On the eve of the inauguration, some lawmakers are making headlines for their decision boycott the inauguration ceremony entirely as an act of protest. Not for them, standing in the cold being showered with the glorious stylings of 3 Doors Down while a man the shade of orange last seen on a Florida juice carton becomes president. They're staying home or doing other things. They want no part of it. And the decision is prompting a lot of discussion, not only from the notoriously thin-skinned President-elect Donald Trump but from other commentators who wonder if it's better to just sit through the event in silence and do the real fights on the floor of the House and the Senate.
On the contrary, boycotting matters. While it may be in the nation's interest (or at least in the service of its morbid curiosity) to turn on the television and watch the next signs of the apocalypse, complete with Rockettes, the inauguration boycott of concerned politicians represents both a long history of inauguration-related dissent and a message about the state of Trump's power.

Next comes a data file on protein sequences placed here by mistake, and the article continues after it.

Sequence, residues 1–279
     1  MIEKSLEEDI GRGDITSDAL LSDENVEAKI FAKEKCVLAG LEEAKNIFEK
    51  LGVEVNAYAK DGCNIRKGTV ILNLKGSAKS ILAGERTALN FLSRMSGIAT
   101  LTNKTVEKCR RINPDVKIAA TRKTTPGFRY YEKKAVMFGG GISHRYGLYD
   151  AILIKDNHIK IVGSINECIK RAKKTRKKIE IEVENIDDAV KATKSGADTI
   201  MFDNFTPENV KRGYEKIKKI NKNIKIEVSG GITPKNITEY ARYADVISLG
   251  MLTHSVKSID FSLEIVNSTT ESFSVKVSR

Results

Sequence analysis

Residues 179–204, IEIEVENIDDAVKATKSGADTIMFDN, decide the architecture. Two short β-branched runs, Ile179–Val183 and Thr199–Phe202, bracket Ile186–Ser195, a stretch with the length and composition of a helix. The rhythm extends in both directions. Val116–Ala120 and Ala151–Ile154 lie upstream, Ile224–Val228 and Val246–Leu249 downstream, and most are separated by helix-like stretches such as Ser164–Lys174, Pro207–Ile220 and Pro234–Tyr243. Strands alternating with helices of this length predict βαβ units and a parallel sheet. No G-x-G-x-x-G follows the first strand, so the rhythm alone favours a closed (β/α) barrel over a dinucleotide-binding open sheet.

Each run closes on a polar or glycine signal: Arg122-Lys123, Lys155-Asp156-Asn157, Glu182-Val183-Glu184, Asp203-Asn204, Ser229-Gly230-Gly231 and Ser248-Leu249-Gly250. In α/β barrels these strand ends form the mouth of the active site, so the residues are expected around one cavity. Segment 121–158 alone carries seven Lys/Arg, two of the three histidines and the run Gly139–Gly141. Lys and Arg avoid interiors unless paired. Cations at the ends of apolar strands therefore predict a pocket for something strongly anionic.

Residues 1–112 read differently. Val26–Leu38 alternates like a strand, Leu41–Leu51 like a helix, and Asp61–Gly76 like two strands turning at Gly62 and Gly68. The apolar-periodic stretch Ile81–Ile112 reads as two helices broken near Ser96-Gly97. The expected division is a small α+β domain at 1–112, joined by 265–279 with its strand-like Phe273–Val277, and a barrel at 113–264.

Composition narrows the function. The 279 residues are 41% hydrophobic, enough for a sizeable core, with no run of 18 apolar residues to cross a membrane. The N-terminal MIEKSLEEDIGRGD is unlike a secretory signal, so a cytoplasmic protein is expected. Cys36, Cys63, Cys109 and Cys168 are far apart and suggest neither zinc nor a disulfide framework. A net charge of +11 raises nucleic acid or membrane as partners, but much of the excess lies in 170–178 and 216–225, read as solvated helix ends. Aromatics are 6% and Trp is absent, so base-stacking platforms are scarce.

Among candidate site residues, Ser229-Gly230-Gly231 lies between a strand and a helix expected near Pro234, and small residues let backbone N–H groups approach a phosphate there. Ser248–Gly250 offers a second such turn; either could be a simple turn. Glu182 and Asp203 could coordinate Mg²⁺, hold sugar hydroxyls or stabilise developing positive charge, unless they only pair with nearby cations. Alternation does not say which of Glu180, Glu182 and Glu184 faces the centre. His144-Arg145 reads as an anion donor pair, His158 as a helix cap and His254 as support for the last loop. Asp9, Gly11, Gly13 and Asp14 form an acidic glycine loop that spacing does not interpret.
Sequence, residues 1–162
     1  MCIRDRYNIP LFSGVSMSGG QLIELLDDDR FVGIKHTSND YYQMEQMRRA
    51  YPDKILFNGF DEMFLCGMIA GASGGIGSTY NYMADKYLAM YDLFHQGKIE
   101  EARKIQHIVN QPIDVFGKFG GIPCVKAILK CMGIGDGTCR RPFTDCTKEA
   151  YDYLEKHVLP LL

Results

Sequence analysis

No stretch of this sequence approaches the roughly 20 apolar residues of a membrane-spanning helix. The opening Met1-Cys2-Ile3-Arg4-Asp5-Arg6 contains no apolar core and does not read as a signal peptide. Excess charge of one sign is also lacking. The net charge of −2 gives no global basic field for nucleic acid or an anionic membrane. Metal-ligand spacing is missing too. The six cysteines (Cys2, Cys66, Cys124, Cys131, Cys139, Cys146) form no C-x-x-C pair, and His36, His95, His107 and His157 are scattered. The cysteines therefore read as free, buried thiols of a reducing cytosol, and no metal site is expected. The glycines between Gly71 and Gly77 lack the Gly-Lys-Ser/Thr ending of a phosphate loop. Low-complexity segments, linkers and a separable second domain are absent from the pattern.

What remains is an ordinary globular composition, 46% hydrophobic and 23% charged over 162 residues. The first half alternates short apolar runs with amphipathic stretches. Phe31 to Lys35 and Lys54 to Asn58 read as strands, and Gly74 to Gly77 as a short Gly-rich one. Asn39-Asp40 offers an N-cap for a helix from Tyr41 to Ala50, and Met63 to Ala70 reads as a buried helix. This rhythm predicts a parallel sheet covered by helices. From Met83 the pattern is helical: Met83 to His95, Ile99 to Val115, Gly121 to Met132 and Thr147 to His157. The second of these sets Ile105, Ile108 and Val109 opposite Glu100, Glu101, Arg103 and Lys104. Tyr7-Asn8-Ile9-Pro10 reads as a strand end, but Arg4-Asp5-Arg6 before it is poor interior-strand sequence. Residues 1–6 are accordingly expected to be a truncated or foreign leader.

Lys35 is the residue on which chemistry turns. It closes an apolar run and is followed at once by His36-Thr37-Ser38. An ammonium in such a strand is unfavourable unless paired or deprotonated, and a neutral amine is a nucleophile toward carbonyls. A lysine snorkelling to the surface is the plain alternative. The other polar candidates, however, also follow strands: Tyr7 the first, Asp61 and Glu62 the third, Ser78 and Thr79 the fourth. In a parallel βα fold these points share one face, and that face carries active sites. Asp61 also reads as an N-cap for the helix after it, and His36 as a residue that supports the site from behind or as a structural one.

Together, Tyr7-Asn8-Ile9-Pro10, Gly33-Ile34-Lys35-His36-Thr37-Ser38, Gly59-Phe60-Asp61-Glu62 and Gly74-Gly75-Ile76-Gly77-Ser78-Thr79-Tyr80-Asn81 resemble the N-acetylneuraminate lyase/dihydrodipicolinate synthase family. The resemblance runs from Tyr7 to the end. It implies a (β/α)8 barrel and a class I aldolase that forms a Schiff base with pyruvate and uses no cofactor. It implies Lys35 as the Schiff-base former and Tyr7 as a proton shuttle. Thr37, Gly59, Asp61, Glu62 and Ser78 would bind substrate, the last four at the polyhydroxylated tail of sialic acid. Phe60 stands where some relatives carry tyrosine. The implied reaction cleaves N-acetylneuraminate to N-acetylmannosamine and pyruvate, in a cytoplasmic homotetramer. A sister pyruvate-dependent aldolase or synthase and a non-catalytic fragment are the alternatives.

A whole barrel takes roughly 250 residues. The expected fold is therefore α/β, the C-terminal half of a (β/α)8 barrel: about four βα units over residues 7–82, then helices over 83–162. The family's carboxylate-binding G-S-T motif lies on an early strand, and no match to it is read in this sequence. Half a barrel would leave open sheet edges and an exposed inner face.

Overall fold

While the rest of us might join the Women's March on Washington (which will be attended by various politicians who've given up their seats on the stands out of outrage) or looking through the newly-released Resistance Manual, the boycotting politicos are doing important symbolic work of their own. Here's why.